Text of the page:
I understand those concerns and have been working with colleagues in BSR and across government to consider what we can do to support the profession. To that end, the decision has been taken to implement a competence assessment extension period for those meeting set criteria. 

Professionals who are not registered by 6 April will not benefit from the extension period and will not be able to continue to work on regulated building control activities. 

Experienced building control professionals who are not trainees but have not yet completed a competence assessment will have the scope of their registration temporarily extended provided they meet the following criteria: 

Temporary Class 1 Registration Extension Criteria:

  • They are an existing building control professional;
  • They are registered as a Class 1 RBI by 6 April 2024; 
  • They are enrolled in, and in the process of having their competency assessed through, one of the BSR approved competency assessment schemes by 6 April 2024. These are:; and
  • A scheme provider has not told them that they have not passed their competency assessment for a second time

Those who meet the above criteria will be allowed a period of 13 weeks from 6 April 2024 to 6 July 2024 to complete their competency assessment and upgrade their registration to Class 2 or 3 (and 4, if applicable).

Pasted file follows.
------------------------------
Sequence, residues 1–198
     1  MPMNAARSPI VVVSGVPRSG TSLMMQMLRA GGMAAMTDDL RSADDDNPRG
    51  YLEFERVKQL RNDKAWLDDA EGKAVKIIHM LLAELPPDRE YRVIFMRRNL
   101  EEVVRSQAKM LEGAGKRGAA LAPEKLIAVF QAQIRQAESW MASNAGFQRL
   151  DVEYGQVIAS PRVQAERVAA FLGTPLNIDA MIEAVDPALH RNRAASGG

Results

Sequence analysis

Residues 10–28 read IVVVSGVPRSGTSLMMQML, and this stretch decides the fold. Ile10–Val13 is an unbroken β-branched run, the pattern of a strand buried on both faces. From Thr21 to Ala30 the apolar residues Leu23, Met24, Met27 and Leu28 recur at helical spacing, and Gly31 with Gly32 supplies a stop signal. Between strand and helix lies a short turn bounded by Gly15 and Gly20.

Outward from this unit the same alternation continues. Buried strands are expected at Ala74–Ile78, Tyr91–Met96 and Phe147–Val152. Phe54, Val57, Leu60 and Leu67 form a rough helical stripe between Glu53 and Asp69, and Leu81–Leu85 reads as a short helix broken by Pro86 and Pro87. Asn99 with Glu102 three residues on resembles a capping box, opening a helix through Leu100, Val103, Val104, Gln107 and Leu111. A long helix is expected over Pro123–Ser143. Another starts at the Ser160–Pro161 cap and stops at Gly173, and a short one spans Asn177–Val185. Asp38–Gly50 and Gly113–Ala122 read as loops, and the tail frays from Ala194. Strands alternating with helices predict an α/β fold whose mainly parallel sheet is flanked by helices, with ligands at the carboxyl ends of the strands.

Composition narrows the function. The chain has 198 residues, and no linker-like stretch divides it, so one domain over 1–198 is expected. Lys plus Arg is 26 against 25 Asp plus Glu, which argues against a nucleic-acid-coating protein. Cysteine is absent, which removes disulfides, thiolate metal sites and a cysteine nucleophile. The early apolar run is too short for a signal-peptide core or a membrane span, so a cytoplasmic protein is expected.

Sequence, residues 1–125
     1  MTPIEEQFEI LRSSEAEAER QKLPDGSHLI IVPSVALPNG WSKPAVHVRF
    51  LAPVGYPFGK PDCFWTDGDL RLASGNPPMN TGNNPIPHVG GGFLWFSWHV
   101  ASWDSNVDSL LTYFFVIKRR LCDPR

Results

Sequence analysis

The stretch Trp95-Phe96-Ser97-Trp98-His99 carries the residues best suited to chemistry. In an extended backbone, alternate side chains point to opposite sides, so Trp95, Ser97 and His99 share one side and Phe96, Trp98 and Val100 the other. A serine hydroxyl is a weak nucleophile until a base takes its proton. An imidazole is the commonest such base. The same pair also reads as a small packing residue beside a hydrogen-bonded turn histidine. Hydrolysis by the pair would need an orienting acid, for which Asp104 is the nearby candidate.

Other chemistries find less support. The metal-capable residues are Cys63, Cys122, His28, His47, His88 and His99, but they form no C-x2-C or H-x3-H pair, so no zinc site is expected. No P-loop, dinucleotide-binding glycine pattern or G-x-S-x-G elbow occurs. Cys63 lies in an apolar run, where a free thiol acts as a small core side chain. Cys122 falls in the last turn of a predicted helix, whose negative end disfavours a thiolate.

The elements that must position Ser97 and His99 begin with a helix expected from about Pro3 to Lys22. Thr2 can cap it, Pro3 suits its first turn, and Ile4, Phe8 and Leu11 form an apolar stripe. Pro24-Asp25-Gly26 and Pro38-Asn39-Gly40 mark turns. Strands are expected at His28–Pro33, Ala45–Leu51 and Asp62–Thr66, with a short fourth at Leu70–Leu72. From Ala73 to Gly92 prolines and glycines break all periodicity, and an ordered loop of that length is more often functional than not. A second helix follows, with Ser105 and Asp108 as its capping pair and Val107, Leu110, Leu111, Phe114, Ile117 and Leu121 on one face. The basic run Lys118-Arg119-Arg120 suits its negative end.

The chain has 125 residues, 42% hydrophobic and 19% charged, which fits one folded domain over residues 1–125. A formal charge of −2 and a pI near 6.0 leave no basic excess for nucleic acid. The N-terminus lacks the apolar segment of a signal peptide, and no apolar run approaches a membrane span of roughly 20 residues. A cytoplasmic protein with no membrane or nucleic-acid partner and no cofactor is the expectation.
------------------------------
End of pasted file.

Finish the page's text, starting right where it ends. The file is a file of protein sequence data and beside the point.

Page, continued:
During this period, the scope of their registration will be temporarily extended, and they can continue to undertake building control work for the class of RBI for which they are undertaking a competency assessment. 

Those who meet the criteria but do not successfully complete a competency assessment and upgrade their registration class by 6 July will not be able to continue to undertake regulated building control activities.  

More detail on the transitional arrangements can be found here: 

This must not be seen as an opportunity to delay – there will be no extension to these arrangements. From 6 July 2024 any professionals who have not completed a competency assessment and upgraded their registration class will only be able to undertake work under supervision. 

We expect employers to support staff going through the assessment process by ensuring they have time to complete the assessment process and providing assistance and support to help them to succeed.

I encourage everyone who has not yet done so to register with BSR and enrol with one of the competency assessment schemes as soon as possible.

Philip White

Director of Building Safety, HSE

Lens Blog: Learn to say, No

Lens Blog: Learn to say, No

FIS Consultant Len Bunton shares his thoughts on why businesses should learn to say, No.